I’ve never formally studied sociology, but I spent part of a summer traveling in Brazil with a sociologist, and picked up a few ideas along the way. One of these ideas that has stuck with me is the “looking-glass self.” The main idea of the looking-glass self is relatively simple. In three central pieces: (1) we imagine how we appear to others, (2) we imagine and react to what we feel their judgement of that appearance must be, and (3) we develop our self through the judgments of others. I think we often realize that we easily perceive ourselves based on the opinions of others. But this concept introduces a layer that seems to edge closer to reality: we imagine these perceptions. Because of the fact that we rarely know how most people perceive us (if they are paying attention to us at all), we end up imagining both our appearance in the eyes of others as well as their judgement of such.
The role of imagination in the creation of our self-identity is striking. While our ideas of how others perceive and judge us are based on truth, and sometimes perhaps fairly accurate, they are not entirely true. The idea of imagination tells us that there is some gap between our constructed ideas and reality. We often live in a fictional world where people think and feel all kinds of things about us that they actually never have. And we make real-world decisions based on this fictional world, continually hoping that if we act or speak or move in the right way, it will enhance others’ judgements of us. Judgements that we rarely ever actually know.
A few days ago I encountered a chapter from a book by Brennan Manning that brought the looking-glass self to mind. Manning was an American priest, author, and speaker, known for his book The Ragamuffin Gospel. The chapter I read is called “The Imposter,” from Manning’s book Abba’s Child. Its central claim is this: we often live as an imposter of our true self. This imposter lives in fear of the rejection and disapproval of others, constantly working to maintain one’s image. As Manning writes: “The imposter is a liar.” When we live as the imposter, we pour our energy into managing what we think others perceive of us. We live fully into the looking-glass self in the worst kind of way. We live in fear that someone—particularly a someone whose opinion we highly value—might see in us something unappealing or unimpressive. We live as someone that we were never meant to be.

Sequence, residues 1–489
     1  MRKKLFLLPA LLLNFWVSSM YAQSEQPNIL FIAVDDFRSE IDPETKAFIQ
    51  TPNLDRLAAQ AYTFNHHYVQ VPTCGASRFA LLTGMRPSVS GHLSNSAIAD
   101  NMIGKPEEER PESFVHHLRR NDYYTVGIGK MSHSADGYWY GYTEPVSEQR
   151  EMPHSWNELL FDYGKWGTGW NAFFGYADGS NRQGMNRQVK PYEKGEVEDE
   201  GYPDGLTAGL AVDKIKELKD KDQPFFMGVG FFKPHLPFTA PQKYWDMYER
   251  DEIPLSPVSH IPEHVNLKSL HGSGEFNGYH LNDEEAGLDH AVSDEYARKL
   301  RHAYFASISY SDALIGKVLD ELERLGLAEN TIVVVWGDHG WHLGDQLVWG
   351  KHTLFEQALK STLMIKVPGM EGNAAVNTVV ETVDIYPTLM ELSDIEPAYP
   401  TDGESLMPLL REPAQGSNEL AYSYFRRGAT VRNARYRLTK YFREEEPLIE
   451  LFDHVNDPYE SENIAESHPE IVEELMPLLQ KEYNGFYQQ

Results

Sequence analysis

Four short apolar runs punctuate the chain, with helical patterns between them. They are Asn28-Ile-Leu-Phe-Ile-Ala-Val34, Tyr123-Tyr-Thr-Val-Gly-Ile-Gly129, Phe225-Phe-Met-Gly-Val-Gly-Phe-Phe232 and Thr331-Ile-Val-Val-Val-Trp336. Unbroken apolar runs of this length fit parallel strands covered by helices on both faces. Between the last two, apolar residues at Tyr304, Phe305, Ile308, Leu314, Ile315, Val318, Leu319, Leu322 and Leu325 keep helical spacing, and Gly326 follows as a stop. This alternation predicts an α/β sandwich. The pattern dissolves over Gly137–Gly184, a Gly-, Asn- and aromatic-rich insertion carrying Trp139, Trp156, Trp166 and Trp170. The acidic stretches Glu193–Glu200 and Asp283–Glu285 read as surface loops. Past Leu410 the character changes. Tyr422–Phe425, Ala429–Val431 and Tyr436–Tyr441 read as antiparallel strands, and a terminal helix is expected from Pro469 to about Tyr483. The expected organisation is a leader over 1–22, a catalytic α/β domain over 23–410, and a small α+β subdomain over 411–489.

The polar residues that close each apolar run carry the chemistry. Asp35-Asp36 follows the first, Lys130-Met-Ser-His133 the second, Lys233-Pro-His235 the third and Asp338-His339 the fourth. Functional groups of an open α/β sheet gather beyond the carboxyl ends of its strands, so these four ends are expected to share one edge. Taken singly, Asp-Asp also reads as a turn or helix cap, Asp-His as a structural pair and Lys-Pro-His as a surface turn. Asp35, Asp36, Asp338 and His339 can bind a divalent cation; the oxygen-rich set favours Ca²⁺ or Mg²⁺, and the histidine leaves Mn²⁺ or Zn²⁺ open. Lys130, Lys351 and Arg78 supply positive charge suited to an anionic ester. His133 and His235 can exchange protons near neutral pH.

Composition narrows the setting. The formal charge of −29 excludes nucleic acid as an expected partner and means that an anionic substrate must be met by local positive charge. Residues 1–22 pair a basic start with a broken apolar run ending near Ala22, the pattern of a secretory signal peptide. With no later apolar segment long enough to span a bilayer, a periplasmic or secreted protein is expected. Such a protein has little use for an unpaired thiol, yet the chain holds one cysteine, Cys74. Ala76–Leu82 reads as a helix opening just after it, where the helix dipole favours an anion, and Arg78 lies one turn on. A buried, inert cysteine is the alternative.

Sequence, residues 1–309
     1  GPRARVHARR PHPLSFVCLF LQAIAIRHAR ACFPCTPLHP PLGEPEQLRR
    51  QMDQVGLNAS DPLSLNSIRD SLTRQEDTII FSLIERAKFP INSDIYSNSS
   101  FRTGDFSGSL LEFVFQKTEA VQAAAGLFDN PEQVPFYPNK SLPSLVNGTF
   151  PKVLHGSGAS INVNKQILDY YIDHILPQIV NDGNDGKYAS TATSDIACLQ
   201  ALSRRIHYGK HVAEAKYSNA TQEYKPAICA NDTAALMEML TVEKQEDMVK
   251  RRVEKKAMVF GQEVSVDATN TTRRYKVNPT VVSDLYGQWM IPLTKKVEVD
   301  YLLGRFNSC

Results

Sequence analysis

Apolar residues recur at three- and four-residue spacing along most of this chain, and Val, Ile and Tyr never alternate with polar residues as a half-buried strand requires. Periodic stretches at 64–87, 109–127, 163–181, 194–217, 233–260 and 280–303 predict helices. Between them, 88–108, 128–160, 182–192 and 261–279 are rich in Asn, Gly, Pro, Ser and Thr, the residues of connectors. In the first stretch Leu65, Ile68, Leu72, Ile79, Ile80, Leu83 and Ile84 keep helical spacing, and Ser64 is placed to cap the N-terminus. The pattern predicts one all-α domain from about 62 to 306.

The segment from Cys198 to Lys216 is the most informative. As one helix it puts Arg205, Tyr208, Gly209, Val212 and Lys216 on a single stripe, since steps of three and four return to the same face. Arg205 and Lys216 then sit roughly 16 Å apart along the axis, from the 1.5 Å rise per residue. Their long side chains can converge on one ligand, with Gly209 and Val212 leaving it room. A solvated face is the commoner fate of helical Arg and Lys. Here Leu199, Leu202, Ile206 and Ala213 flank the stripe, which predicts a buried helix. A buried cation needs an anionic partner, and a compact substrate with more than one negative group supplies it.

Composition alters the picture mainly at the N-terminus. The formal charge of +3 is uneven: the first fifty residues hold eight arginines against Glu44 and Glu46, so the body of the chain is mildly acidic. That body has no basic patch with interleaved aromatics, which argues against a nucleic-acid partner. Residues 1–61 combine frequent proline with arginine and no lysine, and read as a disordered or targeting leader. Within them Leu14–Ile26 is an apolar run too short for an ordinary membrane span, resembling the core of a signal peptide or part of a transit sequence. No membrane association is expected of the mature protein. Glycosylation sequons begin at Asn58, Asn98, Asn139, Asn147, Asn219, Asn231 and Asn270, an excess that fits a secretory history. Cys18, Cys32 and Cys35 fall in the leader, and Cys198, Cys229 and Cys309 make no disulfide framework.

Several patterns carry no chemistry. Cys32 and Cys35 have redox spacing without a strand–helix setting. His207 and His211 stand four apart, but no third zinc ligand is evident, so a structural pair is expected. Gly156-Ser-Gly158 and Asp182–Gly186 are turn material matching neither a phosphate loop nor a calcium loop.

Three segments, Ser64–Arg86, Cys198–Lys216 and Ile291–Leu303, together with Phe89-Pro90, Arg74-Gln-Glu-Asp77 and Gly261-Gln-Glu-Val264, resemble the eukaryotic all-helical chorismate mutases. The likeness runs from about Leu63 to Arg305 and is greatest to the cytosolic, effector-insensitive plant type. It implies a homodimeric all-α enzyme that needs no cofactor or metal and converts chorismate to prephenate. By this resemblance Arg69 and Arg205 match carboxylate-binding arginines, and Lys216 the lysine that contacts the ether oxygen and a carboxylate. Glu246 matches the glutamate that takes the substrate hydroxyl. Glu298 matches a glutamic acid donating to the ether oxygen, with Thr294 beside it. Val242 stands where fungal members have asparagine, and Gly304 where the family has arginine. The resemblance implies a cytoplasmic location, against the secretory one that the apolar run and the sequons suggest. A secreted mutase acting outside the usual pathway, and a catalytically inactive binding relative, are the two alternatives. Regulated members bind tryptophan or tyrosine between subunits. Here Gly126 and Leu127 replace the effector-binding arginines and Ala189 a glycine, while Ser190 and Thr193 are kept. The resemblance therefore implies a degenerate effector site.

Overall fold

I found Manning’s words uncomfortable, not because I thought them untrue, but because with each sentence I increasingly felt that he was talking about me.
The other night—after having read Manning’s chapter on the imposter—I find myself scrolling through whatever snippets of others’ lives a Facebook algorithm has decided that I should be interested in. There’s really nothing interesting, but perhaps if I keep scrolling, something will be worth my time. I see that someone has changed their cover photo. It makes them look adventurous. It’s good to look adventurous. So I think: “Maybe I should change my cover photo. Perhaps that will make me appear more adventurous.” I begin to think about what picture might be best. And then Manning’s words come to mind, and I am astonished by my own thought process. While it doesn’t seem unreasonable to put some thought into which photo I might put on a social media site (because I certainly hope we think before putting anything on the internet), the fact that I base my actions largely on what others will think of me is appalling to me. I had sat and pondered how well others would perceive me based on one photo. This showed me to be, in both motivation and thought, an imposter.